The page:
caslater83 | Nov 12, 2016 |
I loved this book. It is one of the best non-fiction books I have read recently. It is lovingly written so that you can see how much the author cares about the story of these men's lives. The story is massive on the scale of WWII, but also so intimately small when it comes to these boys growth and teamwork. I really enjoyed this and would highly recommend it. ( )
  ceciliachard | Nov 7, 2016 |
Great read! It is about the U of Washington crew and their quest for 1936 Olympic gold. It is also about the physical, mental, emotional and spiritual elements of the 1930s--the depression and the Hitler Olympics. There were geographic references that I knew and those that I looked up, but it was really a book about people making the "big time." I couldn't put it down, which means that I lived with Edward Hermann, the voice/narrator, for a couple of days. We all give credit to the nine crew, but I was particularly enthralled with the leadership of Coach Al Ulbrickson, who brought them all together. I can't wait for the movie. ( )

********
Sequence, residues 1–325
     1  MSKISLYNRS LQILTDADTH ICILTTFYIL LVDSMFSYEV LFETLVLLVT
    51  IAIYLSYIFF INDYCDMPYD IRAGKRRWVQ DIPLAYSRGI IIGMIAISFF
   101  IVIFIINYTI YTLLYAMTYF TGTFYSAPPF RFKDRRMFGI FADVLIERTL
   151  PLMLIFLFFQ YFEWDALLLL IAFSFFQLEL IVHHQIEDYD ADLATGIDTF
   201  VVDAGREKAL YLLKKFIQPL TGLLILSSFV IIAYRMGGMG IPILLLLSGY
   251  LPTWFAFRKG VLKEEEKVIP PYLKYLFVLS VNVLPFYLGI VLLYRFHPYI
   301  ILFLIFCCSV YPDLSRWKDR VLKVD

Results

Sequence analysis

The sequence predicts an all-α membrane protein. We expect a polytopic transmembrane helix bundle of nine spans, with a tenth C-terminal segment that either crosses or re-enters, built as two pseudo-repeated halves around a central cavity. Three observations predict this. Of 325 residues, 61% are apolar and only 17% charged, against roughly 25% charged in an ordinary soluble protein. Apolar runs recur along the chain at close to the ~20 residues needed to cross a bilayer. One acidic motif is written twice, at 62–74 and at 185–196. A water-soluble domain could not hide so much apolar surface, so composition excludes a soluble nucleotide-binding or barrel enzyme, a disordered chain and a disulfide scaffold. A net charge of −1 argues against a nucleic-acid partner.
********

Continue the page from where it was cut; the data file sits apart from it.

buffalogr | Oct 27, 2016 |
Rating: A
Daniel James Brown is a brilliant storyteller. He develops context and surrounds the reader with the knowledge of being there. This story is the heroic tale of ordinary people doing extraordinary things. It is a great study in leadership and teamwork. ( )
  jmcdbooks | Oct 2, 2016 |
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In “The Boys on the Boat,” Daniel James Brown tells the astonishing story of the UW’s 1936 eight-oar varsity crew and its rise from obscurity to fame, drawing on interviews with the surviving members of the team and their diaries, journals and photographs. A writer and former writing teacher at Stanford and San Diego, Brown lives outside of Seattle, where one of his elderly neighbors harbored a history Brown never imagined: he was Joe Rantz, one of the members of the iconic UW 1936 crew.